France Will Replace the U.S. Financing of Climate Research

We’ve highlighted below some of the most recent developments and occurrences in youth-related news and events. In this week's news we speak about an attempt made by French President Emmanuel Macron to counter the U.S. President's indifference for climate change research, Cameroonian-American scholar who got detained by government for writing an essay, and finally, Brazilian universities' struggles, as they inceasingly become attacked by state and police.

France will replace the U.S. financing of climate research

French President Emmanuel Macron awarded eighteen climate scientists from the USA and elswhere with millions of euros in grants to relocate to France for the rest of Donald Trump’s presidential term. Grants with a symbolic title ”Make Our Planet Great Again” are Macron’s initiative to counter Trump on climate change front. Most of the applicants and winners were the U.S.-based researchers. Camille Parmesan from the University of Texas at Austin, who was the winner, stated: ”Macron’s appeal gave me such a psychological boost, to have that kind of support, to have the head of state saying I value what you do.”

Stony Brook University professor detained after writing an essay

Patrice Nganang, Stony Brook University professor was detained in Cameroon for a week after he was charged with insluting Cameroon’s president Paul Biya with his writings. The essay he wrote suggested that the crisis in Cameroon’s Anglophone regions might only be solved with the change in leadership. Princeton University released a letter where they “condemn in the strongest possible terms the illegal detention of our colleague and friend, the esteemed Cameroonian-American scholar and writer Professor Patrice Nganang,” There were more than 600 signatures from activists and academics worldwide, who have shown their support for the professor, and more than 100 signatures of professors and students from Stony Brook University.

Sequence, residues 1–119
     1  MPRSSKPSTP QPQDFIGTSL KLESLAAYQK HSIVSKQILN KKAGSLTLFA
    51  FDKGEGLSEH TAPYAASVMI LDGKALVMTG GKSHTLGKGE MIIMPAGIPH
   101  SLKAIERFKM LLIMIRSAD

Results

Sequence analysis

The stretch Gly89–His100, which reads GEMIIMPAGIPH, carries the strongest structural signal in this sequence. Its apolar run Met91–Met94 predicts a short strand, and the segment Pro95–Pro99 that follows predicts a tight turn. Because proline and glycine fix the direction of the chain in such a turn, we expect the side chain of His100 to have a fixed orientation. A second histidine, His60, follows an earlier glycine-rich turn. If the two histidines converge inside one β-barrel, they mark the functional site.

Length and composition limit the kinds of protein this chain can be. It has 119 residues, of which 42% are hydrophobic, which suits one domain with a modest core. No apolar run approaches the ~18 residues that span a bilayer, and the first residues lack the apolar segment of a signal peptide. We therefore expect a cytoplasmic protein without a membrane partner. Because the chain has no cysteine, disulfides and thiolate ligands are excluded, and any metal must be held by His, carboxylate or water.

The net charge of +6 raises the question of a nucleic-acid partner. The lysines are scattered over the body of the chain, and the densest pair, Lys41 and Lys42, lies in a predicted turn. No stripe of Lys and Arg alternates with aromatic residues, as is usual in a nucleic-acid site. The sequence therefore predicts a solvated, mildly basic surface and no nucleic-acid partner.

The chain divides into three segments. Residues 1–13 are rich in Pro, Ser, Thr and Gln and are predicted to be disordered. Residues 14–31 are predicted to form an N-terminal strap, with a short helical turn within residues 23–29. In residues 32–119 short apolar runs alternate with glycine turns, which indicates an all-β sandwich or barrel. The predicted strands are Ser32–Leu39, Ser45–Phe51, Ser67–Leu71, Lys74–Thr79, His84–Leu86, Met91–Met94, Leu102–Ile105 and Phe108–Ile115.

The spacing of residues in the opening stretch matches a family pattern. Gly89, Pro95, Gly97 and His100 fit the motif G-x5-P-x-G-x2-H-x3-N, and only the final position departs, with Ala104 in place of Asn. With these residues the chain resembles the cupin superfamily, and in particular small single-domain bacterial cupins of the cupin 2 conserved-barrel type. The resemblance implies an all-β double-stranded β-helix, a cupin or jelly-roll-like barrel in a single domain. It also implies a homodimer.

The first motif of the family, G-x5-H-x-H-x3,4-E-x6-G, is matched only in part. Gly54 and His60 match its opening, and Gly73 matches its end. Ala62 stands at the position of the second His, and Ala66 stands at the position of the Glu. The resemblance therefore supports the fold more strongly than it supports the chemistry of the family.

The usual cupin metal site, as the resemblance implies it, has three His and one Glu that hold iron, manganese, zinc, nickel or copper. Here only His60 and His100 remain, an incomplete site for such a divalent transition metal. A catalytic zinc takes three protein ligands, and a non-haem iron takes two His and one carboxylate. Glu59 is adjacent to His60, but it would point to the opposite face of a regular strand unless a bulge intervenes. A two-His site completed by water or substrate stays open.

State and police attacks on universities in Brazil

Recently, professor Luiz Carlos Cancellier de Olivo commited a suicide after he was arrested and barred from his university campus. Later, the police have been accused for providing selective information to the media in order to damage his reputation. The police then accused the government of “systematic budget dismantling” which puts in jeopardy basic university services and research programmes. Bishop Francisco de Assis da Silva, the Primate of the Igreja Episcopal Anglicana do Brasil (IEAB) said that there is “a dangerous process of intimidation” by “the illegitimate government.” IEAB also stated: “We are concerned about the systematic adoption of practices that damage the democratic state of law that lead to coercion and breaches the principle of autonomy for universities. If applied indiscriminately, it sets a precedent for other institutions to be the target of persecution by state investigative apparatus.”

Support us!

All your donations will be used to pay the magazine’s journalists and to support the ongoing costs of maintaining the site.


paypal smart payment button for simple membership

Share this post

Interested in co-operating with us?

We are open to co-operation from writers and businesses alike. You can reach us on our email at [email protected]/[email protected] and we will get back to you as quick as we can.

Where to next?

Deskercise: Staying Fit in a Study Environment

As a college student, balancing academics, social life, and fitness can be a challenging task. With the demands of coursework and the limited availability of time, maintaining physical health often…